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Granada

March 15, 2012

Granada is an old colonial city with a distinctly Nicaraguan twist. It hasn’t got the polished feeling of Antigua in Guatemala and feels fairly shabby in comparison but this is its charm.

A stone’s throw from the centre of town is the fire station which welcomes travellers to park inside the station and provides 24hr security. The firemen were very welcoming and it made a great place to stay.

We did a walking tour of the city taking in many of the churches including the cathedral. We climbed the bell tower of the Iglesia de La Merced which gave great views of the city and also Volcan Mombacho which is the highest volcano in Nicaragaua (1345m).

One of the stops on our walk was the Antiguo Hospital which was abandoned in the 80’s and has been derelict since. Refurbishment work has started on this to become a tourist destination but it is early days yet. The extent of the deterioration in such a short period is surprising.

We also visited a cigar shop which creates its own cigars and watched one of the workers deftly rolling the cigars taking only a few seconds for each one.

The cemetery in Granada is also worth visiting. There is a tomb where 9 former presidents of Nicaragua are buried. What was striking about the graves was that all of them were a stark white whereas most other places in central America there has been a lot of colour In the cemetaries.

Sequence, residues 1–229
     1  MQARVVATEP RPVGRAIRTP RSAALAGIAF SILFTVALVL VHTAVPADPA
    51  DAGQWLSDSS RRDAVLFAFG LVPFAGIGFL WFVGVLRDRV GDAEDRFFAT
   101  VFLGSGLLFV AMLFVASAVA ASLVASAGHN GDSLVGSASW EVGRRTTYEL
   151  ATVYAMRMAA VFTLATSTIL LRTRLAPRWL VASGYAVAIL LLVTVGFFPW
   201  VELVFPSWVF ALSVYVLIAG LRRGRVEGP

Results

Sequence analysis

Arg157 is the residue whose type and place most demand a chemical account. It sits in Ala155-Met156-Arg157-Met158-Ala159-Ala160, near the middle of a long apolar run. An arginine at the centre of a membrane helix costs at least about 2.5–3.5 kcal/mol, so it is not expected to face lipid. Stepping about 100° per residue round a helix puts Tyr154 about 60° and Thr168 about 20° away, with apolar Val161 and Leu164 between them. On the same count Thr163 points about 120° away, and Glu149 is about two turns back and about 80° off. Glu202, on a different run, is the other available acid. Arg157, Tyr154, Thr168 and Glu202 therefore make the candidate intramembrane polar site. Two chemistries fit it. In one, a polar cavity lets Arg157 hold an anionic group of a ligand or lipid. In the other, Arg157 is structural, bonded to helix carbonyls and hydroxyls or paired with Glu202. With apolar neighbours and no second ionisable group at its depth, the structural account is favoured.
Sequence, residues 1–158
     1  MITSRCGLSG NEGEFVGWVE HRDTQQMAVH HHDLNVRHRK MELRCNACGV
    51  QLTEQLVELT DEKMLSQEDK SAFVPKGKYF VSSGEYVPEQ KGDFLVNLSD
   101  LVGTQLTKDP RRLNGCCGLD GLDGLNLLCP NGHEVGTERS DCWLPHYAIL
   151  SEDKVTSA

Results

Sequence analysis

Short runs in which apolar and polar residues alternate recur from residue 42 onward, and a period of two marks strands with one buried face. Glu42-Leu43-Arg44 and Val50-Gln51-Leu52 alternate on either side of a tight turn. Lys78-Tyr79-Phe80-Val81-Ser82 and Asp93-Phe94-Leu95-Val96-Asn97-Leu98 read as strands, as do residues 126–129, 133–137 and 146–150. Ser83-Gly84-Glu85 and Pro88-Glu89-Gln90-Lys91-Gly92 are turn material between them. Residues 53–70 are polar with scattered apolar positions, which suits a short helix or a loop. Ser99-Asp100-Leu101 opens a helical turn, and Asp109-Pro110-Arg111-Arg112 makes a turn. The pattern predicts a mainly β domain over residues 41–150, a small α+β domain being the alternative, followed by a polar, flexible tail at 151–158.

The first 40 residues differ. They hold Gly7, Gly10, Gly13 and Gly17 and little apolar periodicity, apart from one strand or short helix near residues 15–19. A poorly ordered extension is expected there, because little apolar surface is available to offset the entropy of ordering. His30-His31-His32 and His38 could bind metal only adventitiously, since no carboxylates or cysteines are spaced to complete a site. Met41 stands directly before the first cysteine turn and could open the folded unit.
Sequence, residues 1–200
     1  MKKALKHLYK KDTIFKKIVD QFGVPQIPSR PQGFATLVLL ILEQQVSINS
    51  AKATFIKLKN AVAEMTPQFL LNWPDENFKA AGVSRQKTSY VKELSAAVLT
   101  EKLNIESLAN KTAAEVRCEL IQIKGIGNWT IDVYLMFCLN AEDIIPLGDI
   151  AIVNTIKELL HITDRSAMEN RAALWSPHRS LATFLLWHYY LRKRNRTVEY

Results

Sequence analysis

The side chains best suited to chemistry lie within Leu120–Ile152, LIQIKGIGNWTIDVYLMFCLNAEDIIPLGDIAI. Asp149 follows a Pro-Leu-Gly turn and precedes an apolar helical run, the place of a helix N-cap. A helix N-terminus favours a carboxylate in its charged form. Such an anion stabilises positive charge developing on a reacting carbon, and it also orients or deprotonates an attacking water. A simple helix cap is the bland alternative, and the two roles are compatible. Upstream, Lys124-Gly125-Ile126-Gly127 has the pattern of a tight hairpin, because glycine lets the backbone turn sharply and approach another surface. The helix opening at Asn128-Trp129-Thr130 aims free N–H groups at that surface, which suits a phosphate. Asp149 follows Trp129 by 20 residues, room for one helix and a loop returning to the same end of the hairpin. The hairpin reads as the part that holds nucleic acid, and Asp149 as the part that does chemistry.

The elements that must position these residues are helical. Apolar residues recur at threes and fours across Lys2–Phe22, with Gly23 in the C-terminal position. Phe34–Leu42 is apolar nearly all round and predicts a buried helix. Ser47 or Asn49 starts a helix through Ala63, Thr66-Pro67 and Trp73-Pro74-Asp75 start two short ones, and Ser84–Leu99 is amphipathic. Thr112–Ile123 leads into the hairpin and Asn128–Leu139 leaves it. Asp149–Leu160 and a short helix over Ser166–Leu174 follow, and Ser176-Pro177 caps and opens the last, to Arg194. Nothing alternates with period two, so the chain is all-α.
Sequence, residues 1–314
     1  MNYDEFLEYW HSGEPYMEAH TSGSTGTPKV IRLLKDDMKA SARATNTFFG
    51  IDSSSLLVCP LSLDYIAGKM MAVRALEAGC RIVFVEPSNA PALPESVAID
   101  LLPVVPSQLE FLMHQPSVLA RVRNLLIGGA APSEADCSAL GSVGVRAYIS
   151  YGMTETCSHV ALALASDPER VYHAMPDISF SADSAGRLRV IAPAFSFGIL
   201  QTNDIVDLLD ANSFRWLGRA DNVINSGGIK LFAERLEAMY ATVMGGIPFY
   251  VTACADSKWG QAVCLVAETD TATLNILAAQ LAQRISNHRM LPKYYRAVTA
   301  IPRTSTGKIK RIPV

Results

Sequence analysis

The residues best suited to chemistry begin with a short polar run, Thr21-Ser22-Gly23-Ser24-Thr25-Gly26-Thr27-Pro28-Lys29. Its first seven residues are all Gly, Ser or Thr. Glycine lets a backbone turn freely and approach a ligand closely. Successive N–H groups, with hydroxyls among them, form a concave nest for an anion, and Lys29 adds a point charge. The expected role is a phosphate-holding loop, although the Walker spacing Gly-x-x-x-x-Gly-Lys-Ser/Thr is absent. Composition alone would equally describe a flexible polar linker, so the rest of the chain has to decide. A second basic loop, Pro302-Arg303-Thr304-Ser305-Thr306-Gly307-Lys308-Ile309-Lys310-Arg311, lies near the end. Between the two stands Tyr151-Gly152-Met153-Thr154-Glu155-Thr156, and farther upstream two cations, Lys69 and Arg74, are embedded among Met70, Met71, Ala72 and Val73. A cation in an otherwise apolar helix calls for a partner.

On the lake there is an old park which has a number of clubs and bars in it. This is the local nightlife centre of Granada at the weekend but quite dangerous and very shabby. There is certainly not much to recommend it.  The lake itself is surprisingly rough.

Near the cathedral there is a street with 500m or so of bars and restaurants aimed at tourists. There is a great variety and the area has a real buzz at night.  We had a nice dinner out here at a steak restaurant (El Zaguan) where Sarah had the best steak she’s had on the whole trip – mine was a bit disappointing though.

We also managed to try Quesillos which are one of the most popular meals in Nicaragua. It’s melted mozarrella cheese wrapped in a corn tortilla with spicy onion chutney inserted in a plastic bag. It was pretty horrible and the first local dish on our trip that we haven’t liked.

We also managed to find a laundry in Granada after having searched high and low in El Salvador. We were relieved at this as we were down to our last clean clothes.

It is very understandable why Granada is a popular tourist stop and it definitely made an engaging stop for a couple of days.

 

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